The fourth quarter of 2020 saw widespread year-over-year home price growth across all metro areas analyzed by the National Association of Realtors (NAR), according to the association’s latest report released on Thursday.
Home price growth wasn’t just modest either — in a whopping 88 percent of metros (a total of 161 areas) price gains were in the double digits, a substantial jump from the mere 115 metro areas that saw the same degree of price gains in the third quarter.
“The fourth quarter of 2020 presented circumstances ripe for home price increases,” NAR Chief Economist Lawrence Yun said in a statement. “Mortgage rates reached record lows, thereby driving up the demand. At the same time, inventory levels also reached record lows, leading to grim inventory conditions of insufficient supply in the fourth quarter.”
Smaller Northeastern markets within driving distance of major cities largely saw the greatest price gains, indicating a buyer preference for smaller vacation markets with access to the outdoors during continued remote work policies. Bridgeport, Connecticut, led the way in price growth with an increase of 39.2 percent, followed by Pittsfield, Massachusetts (32.2 percent); Atlantic City, New Jersey (30 percent); Naples, Florida (29.9 percent); Barnstable, Massachusetts (28.9 percent); Crestview, Florida (28.6 percent); Boise City, Idaho (27.1 percent); Binghamton, New York (24.4 percent); Kingston, New York (24.2 percent); and Spokane, Washington (23.6 percent).
“Although tourism took a major hit overall throughout 2020, our data shows that vacation housing still did well in terms of sales,” Yun said in NAR’s report. “Many people purchased in these areas because they found themselves with new work-from-home freedoms.”
The most expensive markets during this quarter were split between the West and the East with the top five most expensive markets all located in the West: San Jose, California (median sales price of $1.40 million); San Francisco, California ($1.14 million); Anaheim, California ($935,000); Urban Honolulu, Hawaii ($902,500); and San Diego, California ($740,000).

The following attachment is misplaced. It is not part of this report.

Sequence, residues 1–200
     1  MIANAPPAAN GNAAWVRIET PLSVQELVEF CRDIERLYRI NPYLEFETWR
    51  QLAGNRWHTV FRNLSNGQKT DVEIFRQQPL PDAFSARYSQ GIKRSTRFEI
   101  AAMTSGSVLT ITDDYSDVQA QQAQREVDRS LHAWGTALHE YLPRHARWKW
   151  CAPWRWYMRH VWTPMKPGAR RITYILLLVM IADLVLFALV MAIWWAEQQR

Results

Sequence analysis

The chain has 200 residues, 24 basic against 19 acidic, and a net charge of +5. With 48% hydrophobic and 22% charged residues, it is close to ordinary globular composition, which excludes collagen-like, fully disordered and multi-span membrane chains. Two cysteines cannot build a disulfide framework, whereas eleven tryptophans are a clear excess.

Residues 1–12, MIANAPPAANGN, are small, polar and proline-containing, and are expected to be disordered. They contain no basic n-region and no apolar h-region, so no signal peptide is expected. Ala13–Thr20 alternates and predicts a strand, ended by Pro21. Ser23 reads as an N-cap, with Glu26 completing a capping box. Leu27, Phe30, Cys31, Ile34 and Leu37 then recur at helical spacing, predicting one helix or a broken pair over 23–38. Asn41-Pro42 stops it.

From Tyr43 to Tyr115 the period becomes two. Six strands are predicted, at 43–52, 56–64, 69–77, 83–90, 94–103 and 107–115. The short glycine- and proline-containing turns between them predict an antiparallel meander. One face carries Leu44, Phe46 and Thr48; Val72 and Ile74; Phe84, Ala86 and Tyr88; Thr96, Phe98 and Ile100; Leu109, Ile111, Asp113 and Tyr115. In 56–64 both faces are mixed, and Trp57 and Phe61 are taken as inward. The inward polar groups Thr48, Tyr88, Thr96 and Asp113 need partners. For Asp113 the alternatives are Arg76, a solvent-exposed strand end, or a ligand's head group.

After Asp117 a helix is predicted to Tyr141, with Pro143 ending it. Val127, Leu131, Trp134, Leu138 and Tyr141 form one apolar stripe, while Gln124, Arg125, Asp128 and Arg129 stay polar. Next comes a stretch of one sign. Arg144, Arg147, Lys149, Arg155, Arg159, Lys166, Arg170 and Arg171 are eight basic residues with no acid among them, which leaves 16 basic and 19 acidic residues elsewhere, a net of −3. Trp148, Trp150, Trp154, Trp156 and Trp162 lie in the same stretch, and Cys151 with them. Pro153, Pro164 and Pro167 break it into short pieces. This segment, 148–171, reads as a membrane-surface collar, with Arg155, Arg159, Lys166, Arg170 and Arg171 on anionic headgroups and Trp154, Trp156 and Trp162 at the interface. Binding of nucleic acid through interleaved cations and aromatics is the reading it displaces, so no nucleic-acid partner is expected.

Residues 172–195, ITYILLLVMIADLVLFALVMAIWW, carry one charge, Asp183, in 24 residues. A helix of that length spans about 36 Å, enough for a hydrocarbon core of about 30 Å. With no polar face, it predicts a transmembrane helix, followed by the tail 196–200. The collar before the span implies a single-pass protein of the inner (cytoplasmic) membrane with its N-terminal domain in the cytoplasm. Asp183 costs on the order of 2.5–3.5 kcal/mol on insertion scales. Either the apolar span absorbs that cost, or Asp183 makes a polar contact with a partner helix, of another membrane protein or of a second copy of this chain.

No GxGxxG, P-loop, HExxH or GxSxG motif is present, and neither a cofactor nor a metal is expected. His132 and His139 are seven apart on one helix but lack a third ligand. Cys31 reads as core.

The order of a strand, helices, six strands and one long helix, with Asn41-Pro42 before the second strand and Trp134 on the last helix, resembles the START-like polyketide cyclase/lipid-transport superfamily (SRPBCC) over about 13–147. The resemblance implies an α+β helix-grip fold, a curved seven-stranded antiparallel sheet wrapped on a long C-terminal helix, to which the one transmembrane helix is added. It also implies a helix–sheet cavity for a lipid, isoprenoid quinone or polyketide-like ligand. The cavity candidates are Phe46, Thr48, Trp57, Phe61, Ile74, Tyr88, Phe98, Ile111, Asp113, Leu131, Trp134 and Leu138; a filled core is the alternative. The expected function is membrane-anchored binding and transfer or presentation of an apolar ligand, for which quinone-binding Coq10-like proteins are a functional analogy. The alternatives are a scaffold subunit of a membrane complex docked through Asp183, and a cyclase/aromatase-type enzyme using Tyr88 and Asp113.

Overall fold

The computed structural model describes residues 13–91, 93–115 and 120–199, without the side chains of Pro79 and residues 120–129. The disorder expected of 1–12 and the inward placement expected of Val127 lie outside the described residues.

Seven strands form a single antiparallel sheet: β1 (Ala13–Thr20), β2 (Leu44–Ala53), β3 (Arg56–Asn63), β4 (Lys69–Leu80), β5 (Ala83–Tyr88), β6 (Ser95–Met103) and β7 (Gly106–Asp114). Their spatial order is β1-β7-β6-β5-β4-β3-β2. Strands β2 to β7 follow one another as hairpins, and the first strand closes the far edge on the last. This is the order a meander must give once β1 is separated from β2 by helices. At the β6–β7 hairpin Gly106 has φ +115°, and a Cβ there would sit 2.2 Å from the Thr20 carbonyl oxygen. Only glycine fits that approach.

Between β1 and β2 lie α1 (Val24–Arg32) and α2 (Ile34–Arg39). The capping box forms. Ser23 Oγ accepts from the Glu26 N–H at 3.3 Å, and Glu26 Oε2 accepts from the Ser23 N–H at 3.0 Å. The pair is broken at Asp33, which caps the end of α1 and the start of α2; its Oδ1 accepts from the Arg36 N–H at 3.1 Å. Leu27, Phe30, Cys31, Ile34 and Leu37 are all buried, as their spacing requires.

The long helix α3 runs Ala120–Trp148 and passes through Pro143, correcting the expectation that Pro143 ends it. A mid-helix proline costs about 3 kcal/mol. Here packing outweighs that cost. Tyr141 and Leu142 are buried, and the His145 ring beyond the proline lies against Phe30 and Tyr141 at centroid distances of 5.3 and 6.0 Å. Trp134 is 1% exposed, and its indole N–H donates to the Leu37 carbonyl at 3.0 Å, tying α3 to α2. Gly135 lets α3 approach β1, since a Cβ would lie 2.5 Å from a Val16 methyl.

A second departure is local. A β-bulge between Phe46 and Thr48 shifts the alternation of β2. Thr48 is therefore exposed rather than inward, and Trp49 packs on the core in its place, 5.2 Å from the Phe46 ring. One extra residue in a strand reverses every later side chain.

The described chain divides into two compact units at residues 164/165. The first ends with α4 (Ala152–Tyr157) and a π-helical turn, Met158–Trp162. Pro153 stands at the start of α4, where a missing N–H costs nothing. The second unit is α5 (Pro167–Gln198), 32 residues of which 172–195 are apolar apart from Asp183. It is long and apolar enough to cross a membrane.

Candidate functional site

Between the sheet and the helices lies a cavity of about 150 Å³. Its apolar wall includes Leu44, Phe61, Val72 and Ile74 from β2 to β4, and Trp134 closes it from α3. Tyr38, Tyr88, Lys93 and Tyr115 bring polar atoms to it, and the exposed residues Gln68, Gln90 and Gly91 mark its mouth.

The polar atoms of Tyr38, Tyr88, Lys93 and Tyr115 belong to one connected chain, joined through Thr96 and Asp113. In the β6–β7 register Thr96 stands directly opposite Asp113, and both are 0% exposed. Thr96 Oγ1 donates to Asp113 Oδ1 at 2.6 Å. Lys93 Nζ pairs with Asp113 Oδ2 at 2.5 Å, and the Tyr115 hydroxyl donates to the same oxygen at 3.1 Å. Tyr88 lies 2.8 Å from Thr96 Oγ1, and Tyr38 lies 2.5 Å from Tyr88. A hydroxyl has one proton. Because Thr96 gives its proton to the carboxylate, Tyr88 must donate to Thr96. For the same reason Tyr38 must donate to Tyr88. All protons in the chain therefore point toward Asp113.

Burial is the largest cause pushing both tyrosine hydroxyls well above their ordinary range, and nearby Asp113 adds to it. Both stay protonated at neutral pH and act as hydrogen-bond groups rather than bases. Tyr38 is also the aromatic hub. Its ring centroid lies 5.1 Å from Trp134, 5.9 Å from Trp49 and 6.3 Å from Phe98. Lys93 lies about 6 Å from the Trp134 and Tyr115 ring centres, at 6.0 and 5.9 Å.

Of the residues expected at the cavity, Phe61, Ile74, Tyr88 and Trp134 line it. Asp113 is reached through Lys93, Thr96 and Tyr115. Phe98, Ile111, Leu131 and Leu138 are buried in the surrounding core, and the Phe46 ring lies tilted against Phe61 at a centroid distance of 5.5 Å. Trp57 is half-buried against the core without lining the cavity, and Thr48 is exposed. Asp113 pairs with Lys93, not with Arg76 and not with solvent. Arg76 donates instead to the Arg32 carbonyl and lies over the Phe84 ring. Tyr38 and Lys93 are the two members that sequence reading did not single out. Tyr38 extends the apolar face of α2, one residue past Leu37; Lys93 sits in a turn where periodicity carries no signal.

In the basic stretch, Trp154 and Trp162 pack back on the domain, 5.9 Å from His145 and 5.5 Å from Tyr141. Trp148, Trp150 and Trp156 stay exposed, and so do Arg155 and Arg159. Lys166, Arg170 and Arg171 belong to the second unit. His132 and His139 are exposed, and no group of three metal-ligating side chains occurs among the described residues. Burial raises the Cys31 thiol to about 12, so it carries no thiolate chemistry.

Meanwhile, the national median existing single-family home price increased 14.9 percent from the previous year to $315,900 with all four major regions seeing double-digit year-over-year price gains. The Northeast saw the biggest gains at 20.7 percent, followed by the West (15.5 percent), the Midwest (15.1 percent), and the South (14.0 percent).
Thus far, low mortgage rates have helped homeowners balance the rising cost of housing amid huge demand and dwindling inventory. According to NAR, a family needed an income of $49,908 to affordably make payments on a 30-year fixed-rate mortgage with a 20 percent down payment, a modest increase from the $48,960 income needed one year ago.
However, rising home prices are outpacing gains in income, which could create barriers for potential homebuyers.
“The average working family is struggling to contend with home prices that are rising much faster than income,” Yun said. “This sidelines a consumer from becoming an actual buyer, causing them to miss out on accumulating wealth from homeownership.”
During the fourth quarter, families spent an average of 14.8 percent of their income on mortgage payments (down from 14.9 percent the year before), based on a median family income of $84,313 and a 20 percent down payment mortgage. The monthly mortgage payment rose slightly from $1,020 during Q4 2019 to $1,040 during Q4 2020. Meanwhile, the effective 30-year fixed mortgage rate dropped to 2.81 percent from 3.76 percent the year before.